I'm finally getting around to my very limited response to the brouhaha over Paul Lake's "Enchanted Loom." No sane person thinks that the English 14-line iambic pentameter sonnet, in any of it's common rhyme schemes, is an inevitable product of the course of human evolution. Nevertheless, the sonnet exploits, in its memish way, a number of evolved human characteristics and along the way enlists some of the properties common to all Englishes since the late 14th century. Let me name the ways, in no particular order and with no claim to completeness--this is a blog. Please don't think that I am arguing that the sonnet is the quintessence of the poet's art or anything silly like that. I only want to show that it is equally silly to call the sonnet structure merely conventional.
We like and need rhythm, and it's intimately connected to language. Remember American Bandstand? "I'll give it an 85, Dick. It's got a good beat and you can dance to it." There are various ways to produce rhythm in speech sounds, but the most important are by varying, in an organized way, either the loudness or the length, or both, of a series of syllables. It's also possible to produce a rhythm by clumping isochronous, isostressed units of sound into groups varying in length in some organized way, but there are severe limits on the length of such patterns we can recognize, and the natural stresses of English interfere with that, which is why syllabics don't work well in lines of more than about seven syllables. English has no regularly varying syllable lengths, so we can't reliably organize speech rhythms that way as the way speakers of ancient Greek could. Stress is, practically, all we've got at the level of syllables.1 English sonnets, using an accentual-syllabic meter, have a recognizable rhythm at the lowest level.
It is no accident that the basic rhythmic unit is basically unstressed-stressed rather than stressed/unstressed. In very simple terms (remember this is a blog), before English spent 300 years underground absorbing French, much of the grammatical information about words was carried in inflections at the end of words. We've lost almost all of that and rely much more heavily on syntax and connective words like prepositions, shifting names and actions from the front to the back of phrases, and thus shifting natural speech rhythms. Old English poetry has a trochaic feel2; since the 14th century it's been mostly iambic.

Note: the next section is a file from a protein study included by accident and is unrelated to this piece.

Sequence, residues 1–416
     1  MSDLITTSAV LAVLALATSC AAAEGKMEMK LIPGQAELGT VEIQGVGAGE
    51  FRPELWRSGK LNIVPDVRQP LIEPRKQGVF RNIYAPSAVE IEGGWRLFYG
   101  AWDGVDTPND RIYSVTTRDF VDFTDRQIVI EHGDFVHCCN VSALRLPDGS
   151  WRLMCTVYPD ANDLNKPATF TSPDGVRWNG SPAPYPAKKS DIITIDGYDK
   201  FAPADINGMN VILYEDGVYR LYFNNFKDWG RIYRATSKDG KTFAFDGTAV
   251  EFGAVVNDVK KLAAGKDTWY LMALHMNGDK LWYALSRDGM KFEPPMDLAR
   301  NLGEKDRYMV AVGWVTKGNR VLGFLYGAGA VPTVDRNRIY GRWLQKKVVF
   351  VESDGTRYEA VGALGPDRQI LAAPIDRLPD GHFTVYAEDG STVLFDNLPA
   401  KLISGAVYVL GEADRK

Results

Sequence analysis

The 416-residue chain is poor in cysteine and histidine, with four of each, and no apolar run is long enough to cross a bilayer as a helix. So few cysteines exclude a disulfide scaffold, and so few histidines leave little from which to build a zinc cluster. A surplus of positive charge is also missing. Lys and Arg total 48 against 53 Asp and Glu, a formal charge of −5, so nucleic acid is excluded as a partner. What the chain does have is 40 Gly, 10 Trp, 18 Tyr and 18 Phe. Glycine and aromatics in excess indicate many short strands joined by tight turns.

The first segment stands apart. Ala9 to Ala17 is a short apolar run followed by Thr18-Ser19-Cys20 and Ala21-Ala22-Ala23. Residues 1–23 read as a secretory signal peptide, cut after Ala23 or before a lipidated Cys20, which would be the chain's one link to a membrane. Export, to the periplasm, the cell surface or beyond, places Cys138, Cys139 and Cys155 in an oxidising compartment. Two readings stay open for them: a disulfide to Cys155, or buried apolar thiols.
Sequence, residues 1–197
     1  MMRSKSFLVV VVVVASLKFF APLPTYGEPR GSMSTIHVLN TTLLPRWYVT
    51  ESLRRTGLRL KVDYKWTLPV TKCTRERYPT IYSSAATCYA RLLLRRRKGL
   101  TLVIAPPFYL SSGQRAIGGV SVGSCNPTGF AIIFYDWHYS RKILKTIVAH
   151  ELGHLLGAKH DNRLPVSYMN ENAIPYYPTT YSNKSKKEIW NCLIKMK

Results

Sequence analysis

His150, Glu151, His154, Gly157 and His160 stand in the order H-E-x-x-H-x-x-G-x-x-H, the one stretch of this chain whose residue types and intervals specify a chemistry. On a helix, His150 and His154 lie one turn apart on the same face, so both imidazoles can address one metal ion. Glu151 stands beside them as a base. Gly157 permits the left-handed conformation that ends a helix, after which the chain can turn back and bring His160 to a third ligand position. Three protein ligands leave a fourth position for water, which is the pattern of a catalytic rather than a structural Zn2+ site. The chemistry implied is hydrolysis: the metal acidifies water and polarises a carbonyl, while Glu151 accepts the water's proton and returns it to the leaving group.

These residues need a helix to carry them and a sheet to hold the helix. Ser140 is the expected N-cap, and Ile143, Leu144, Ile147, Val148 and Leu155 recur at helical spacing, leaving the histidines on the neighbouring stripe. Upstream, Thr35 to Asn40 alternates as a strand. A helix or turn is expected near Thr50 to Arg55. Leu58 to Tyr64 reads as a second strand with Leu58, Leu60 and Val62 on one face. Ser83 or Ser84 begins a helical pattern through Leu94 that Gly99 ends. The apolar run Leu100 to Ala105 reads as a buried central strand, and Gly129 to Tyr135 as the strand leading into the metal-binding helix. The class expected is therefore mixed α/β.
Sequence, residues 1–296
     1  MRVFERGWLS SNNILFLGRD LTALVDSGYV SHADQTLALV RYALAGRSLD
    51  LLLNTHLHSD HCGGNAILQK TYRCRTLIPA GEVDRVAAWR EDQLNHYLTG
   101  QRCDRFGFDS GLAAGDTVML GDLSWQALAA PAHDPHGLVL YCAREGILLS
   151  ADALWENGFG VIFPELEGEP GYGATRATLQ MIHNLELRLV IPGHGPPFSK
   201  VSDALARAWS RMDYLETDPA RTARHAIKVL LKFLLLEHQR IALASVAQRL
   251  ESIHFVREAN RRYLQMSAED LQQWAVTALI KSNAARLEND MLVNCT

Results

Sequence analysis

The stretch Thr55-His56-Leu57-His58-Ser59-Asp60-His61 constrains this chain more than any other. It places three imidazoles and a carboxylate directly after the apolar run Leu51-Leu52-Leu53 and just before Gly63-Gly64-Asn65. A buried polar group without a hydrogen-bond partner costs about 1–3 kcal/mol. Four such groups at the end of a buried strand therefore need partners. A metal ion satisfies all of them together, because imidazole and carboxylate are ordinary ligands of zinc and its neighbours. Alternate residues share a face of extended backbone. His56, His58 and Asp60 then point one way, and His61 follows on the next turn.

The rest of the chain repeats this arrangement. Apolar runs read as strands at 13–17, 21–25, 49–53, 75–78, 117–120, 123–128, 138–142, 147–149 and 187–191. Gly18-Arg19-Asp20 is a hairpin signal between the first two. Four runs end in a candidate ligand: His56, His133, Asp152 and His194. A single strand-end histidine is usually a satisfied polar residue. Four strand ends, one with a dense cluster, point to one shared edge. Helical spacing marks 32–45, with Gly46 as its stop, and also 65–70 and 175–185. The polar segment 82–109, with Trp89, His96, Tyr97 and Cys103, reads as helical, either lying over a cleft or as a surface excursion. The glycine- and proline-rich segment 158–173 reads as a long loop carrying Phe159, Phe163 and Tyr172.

As much as we like rhythm, we get bored when it's too simple or too complex. Judging by folk poetry and song, we like our stresses in 3 or 4 beat groups, and we're more tolerant of variation on the off-beat. This appears to be nearly universal: longer and more complicated patterns do occur in literary poetry and in (there's no good word for it) classically influenced music, but even the astonishing rhythmic virtuosity of jazz occurs almost entirely in a 4/4 framework. Sonnets use pentameter, the longest line frequently used in English, recognizable by even a moderately trained ear and capable of sufficient variation to satisfy all but the most jaded tastes. Shorter lines can tolerate more inconsistencies in the positioning and number of unstressed syllables and still be easily recognized, but the pentameter is long enough to employ a caesura and recognizable levels of stress within the line. The lines themselves can be organized into larger rhythmic groups using enjambment, rhyme, and other means. A poem much longer than the sonnet cannot easily maintain a global rhythmic structure; a poem much shorter can't have varying parts to that structure.
We like speech, and we are really good at recognizing it as speech, even when we can't understand it. We produce phonemes at a rate of about 7 a second, which is just a buzz for most sounds; for unfamiliar languages, it's the reason those other folks seem to talk so fast. It's physically irritating when other speakers don't make sense to us, which, depending on our tolerance and expectations, can lead us to make an effort either to understand or to avoid the speaker. It's also irritating, even insulting, except in the briefest and most casual encounters, when the speech of others is uniformly brief and simple. The sonnet's 14 lines, 140 syllables, are within the comfortable limits for a reasonably clear statement of an idea, an emotion, an argument, or a short narrative, but it isn't so long that its surface structure can't be comprehended in the time it takes to hear or read it.
We like symmetry, but, like rhythm, it shouldn't be either too simple or too complicated, and, within limits, we like being surprised. There are two main kinds of sonnets in English, each of which solves this problem in a different way, which I'll get to Friday (I'm playing mandolin tomorrow night) along with some notes about the intellectual structure of the sonnet. 5:30 comes early, every day.
1Clearly there are other methods of producing rhythm at higher levels such as the phrase or, in poetry, the stanza, and most free verse depends on these other methods.
2I know that it was accentual and that trochaic strictly applies only to quantitative or accentual-syllabic verse. Blog, remember?